Afraid Of Being Happy?

When Phil was killed, I cried a lot. I couldn’t keep it together. I hadn’t cried in 42 years, thus to be crying on airplanes, while running, and to wake up weeping was a discombobulating feeling. I had no control of my life and only by morphing into a numb waking state was I able to survive the implosion of my life. As time lapsed, I have found myself doing things I never thought I could do, but it wasn’t until recently that I recognized that while I was busy, crazy busy, I had lost the joy of day to day life. I no longer looked forward to anything and I approached life as a series of challenges to do or to overcome. I drew walls around my heart and figured that my days would be spent working, running, going to school, and, well…just surviving.

It wasn’t that I didn’t have friends; I did.  Many people supported me and still support me, but there was that layer that divided us.  I simply couldn’t allow myself to let loose, look ahead, and to be excited about life.  I felt like a spectator of my life at times because I simply couldn’t get off of the bench to join the game.  I wanted to jump in, but I was afraid at losing something–anything–more.

Somewhere this fall I realized that life was passing me by.  I don’t want to have eight degrees, hide in my house, or to live lonely.  I have avoided Christmas because Phil was due home on Christmas Eve, but by choosing to avoid the pain, I also avoided the new precious memories and fun my family might have.  I chose to celebrate Christmas this year.  My favorite memory was coming back into the house and hearing my children exchanging deployment stories, ribbing one another, and telling stories about their dad.  Nobody was feeling bad.  Nobody was making their dad a saint.  My children were just enjoying being a family again.  I nearly missed it because I was afraid to believe I could be happy and enjoy my life again.

With the steps forward have come some mighty big falls.  It was a terrible moment after Christmas.  I came home to a cold and empty house.  No laughter, no loud Jody’s being sung, no baby slobbers, and no hugs.  In that terrible moment, though, I realized exactly what my life would look like if I didn’t keep trying to take steps forward.  A step forward is still a step forward even if it is hard fought for.  Just as much as I love my job, travel, and running, I want a full life filled with laughter and love.  I may take some mighty hard falls, but I will get up and dust off my skinned knees and move forward one small step at a time into a life that is fully lived.


2016 The Year of Getting Off of My Couch


For those of you that have followed my journey, you realize that I am closing in on being five years from the loss of the man that meant the world to me. I would gladly have given my life for his because I recognize that he was that bright and shining star that made the world a better place, but trading places was never an option. For those of you that have watched or read about my journey, you have seen my struggles and you have seen my growth. Some where in the past year, I began to recognize that it had been years since I was excited about anything and it had been years since I had fun in my life. I was surviving by keeping consumed with work, school, and running. The business gave me focus, but it did not allow for fun or joy to be a part of my life. 2016 is my year of getting off of the couch.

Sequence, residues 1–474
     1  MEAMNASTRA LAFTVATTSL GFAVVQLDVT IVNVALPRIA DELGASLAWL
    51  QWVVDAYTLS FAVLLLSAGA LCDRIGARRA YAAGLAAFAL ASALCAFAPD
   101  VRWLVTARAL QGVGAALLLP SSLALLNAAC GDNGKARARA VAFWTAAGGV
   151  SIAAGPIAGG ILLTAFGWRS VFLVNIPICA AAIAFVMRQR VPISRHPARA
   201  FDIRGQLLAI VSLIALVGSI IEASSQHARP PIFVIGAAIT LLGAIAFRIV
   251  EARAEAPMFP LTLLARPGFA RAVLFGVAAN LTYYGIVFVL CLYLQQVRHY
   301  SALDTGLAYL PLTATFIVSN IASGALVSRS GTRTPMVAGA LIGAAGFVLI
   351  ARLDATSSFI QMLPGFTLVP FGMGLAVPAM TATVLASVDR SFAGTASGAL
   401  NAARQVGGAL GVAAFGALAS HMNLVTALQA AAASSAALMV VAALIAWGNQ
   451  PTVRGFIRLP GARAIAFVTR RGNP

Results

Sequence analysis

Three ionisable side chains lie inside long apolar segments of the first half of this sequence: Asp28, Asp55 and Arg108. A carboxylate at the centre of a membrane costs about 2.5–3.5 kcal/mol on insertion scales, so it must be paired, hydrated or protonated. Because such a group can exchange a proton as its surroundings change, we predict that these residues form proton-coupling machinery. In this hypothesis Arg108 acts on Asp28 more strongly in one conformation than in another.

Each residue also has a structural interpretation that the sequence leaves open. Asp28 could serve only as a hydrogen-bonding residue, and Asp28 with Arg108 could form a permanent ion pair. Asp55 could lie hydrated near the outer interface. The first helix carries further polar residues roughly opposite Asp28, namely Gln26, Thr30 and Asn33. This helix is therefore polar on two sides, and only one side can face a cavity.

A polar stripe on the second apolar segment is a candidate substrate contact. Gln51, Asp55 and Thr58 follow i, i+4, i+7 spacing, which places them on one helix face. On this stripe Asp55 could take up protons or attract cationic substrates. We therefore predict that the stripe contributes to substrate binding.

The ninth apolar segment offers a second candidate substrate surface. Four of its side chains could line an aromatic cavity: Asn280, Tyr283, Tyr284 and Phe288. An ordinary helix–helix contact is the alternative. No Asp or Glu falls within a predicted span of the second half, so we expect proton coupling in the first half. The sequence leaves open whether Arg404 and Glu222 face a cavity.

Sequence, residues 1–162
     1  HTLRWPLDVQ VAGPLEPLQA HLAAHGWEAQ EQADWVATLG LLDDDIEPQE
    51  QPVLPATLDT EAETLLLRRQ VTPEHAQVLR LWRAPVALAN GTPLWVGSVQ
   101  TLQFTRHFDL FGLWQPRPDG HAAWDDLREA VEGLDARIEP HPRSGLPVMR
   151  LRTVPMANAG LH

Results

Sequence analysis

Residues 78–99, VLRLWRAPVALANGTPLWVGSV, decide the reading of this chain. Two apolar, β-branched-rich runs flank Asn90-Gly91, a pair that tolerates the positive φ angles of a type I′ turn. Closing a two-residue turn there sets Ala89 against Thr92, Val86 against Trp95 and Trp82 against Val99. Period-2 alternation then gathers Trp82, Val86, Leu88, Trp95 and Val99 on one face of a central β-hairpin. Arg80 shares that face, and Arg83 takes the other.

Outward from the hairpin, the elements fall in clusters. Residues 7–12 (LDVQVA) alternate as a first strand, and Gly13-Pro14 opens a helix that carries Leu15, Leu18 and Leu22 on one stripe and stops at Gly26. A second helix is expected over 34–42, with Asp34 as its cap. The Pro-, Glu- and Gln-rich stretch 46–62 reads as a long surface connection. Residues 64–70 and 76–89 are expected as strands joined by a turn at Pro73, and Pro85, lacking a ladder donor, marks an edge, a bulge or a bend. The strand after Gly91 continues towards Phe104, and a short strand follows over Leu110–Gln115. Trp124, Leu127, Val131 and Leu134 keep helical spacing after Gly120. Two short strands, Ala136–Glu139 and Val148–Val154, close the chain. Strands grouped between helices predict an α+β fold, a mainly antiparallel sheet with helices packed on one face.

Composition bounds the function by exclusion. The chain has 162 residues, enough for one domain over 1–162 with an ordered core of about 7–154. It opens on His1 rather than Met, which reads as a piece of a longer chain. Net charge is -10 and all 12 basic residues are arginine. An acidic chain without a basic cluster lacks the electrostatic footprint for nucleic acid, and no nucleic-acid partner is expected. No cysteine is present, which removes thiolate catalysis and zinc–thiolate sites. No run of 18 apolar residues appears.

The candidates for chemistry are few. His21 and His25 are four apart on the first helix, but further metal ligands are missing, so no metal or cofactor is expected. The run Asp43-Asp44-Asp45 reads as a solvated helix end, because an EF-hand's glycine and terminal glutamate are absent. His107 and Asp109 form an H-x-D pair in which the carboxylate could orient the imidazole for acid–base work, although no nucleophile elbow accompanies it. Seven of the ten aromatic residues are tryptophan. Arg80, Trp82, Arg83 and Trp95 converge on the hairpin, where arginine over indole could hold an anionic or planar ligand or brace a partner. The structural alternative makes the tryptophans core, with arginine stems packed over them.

Getting off of the couch isn’t about exercise; it is about living life. School is finished. My initial reaction is to immediately continue on, but I want more than a life of sitting on my couch watching everybody else live life. I am afraid to put down the books and to start living because somehow it is easier to accept that I had a life and now I do not….and yet, my heart is fighting for more. I am fighting for more.


I am fighting by going after my dreams. I signed up for my 100th marathon at the Great Wall of China and a hiking expedition to Machu Picchu. To get to China, I am facing my fears of traveling somewhere new by myself. Because I know that I cower and shut down when I am afraid, I signed up with a tour agency. I am not letting fear stop me from living this year. Marathon 99? The Boston Marathon. The Boston Marathon is the singular place other than places affiliated with Phil’s death that terrifies me. I still have flash backs of that awful day when I ran for my life. I am staring down my fears to live.


It is about more than running. It is taking a good hard look at being vulnerable enough to let someone in. I think widows often tend to put too much validity into a relationship too fast or they do what I do—shut off before anyone gets too close. It is easier to shut off, but lonelier. I don’t know if there is a chapter two in my life, but I do believe it is possible. It will look different, feel different, be different, but it will be just as amazing. It is terrifying on many fronts because I still feel like that girl—that girl who is somehow broken or somehow set apart because of my story of loss. The hardest part is risking my heart and yet I am not running away or slamming doors. What will be, will be.


2016 is about living, loving, laughing, and participating.   Instead of hiding in the shadows, I am taking the tentative steps to cannonball into a life that is more than my focus and voice for military causes. Yes, those are a part of me and will always be a part of me, but the part that has been buried far beneath the frozen snowy field is starting to emerge. There is room for both—focus and fun. 2016, the year of getting off of the couch to live—Whose in?